Let us imagine the apparatus as it was set up in David Bohm's version. Consider that in the middle of a large laboratory an electron source shoots off an electron to the left, where it is registered by spin-detector A, at the far end of the lab. At the same time, the source shoots off an electron to the right, where it is detected by spin-detector B at the opposite end. The readings from spin-detectors A and B are then compared at a counter at C. Since there are only two kinds of electrons, up and down, and since the choice of whether the electron will be up or down is totally random, the 50-50 chance of whether an electron will be up or down is borne out when a large number of electrons is fired off. We saw the same behavior in Eigen's glass bead games. In addition, these paired electrons are correlated so that if one flies off to the right with an "up" spin, the other flies off to the left with a "down" spin, and vice versa. (The experiment may also be described in terms of polarity.) There will therefore be a 100% correlation between the readings at A and B--when A is up, B is down. We can therefore always predict what will happen at A by looking at B, and vice versa. It appears we have set up a fine experiment showing the validity of the EPR, whereby we may predict the behavior of one system by observing another. This 100% correlation is explained by the indeterminism of quantum theory, but it is also explained by the local reality theory, which is what the EPR was all about. By "local reality," in the simplest possible terms, we mean that there are real things which exist before we measure them. Peat dramatizes the experiment with twins who always choose different colored hats, so that when you see one twin, you always know what color hat the other is wearing. One could do the same thing with twins, one of whom was a boy and the othe a girl. In that case, every time you saw one of the twins, no matter in what part of the universe he/she was, you would always know the gender of the absent one.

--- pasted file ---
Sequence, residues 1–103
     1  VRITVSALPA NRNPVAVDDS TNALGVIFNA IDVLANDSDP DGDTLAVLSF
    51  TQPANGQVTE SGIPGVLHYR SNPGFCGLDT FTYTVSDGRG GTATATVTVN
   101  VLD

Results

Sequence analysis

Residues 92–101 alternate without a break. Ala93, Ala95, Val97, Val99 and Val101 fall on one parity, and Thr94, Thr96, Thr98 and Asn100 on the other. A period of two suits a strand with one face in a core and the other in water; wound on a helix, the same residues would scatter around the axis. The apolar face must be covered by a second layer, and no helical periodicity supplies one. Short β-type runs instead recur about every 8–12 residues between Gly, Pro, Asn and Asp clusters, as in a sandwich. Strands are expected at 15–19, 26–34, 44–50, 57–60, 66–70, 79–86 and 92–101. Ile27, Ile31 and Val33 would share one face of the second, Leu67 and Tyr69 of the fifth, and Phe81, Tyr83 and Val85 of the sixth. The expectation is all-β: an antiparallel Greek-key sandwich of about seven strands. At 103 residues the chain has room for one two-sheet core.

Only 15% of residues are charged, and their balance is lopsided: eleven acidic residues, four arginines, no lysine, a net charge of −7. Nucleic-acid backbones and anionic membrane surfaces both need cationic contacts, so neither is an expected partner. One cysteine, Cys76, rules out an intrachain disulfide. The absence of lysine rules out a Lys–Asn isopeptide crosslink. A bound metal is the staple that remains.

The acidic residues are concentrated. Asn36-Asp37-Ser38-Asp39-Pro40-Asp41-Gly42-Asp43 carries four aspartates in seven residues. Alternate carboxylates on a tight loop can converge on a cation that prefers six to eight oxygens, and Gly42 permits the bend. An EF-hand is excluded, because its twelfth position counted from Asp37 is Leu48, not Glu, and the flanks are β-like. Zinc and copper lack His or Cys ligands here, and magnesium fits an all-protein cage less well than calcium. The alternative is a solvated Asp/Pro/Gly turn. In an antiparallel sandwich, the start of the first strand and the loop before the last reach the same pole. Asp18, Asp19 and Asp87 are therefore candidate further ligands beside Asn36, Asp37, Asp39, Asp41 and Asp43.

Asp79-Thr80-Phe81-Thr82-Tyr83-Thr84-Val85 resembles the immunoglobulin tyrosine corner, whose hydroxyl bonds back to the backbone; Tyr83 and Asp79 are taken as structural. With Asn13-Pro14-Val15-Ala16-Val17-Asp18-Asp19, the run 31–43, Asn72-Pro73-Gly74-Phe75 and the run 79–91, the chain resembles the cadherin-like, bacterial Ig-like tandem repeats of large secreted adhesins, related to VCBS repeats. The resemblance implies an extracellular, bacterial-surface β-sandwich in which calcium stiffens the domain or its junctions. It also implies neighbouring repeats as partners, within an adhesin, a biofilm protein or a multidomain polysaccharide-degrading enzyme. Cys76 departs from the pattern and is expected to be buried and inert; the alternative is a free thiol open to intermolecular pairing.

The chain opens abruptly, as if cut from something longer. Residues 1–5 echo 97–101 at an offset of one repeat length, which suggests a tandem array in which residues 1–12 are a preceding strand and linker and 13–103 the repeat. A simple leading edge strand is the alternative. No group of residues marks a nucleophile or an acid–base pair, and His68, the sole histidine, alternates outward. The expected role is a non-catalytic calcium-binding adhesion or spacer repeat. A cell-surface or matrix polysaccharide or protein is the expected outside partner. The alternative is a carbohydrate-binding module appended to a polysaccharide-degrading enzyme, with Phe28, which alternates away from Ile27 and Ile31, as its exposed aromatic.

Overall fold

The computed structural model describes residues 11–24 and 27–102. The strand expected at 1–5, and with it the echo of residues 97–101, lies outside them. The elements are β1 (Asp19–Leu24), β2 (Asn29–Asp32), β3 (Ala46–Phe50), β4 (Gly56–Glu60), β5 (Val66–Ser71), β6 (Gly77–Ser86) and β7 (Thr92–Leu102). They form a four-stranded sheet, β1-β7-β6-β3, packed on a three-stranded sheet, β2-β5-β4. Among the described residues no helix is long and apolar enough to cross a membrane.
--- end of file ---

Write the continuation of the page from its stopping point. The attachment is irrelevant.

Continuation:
It appears that up to this point we have not learned very much. However, according to the local reality theory, Jack is always male and Jill is always female quite simply because reality is local, that being the nature of things, and they will be male and female no matter where they are-- so that we would never have to communicate with the absent twin in order to determine his/her gender. Things are what they are and that is all there is to it. So just because we see that there is a correlation between two distant things, it does not mean that they are communicating with each otherJack does not have to communicate with Jill in order to verify his own gender and an electron does not have to know what another is doing to be up or down.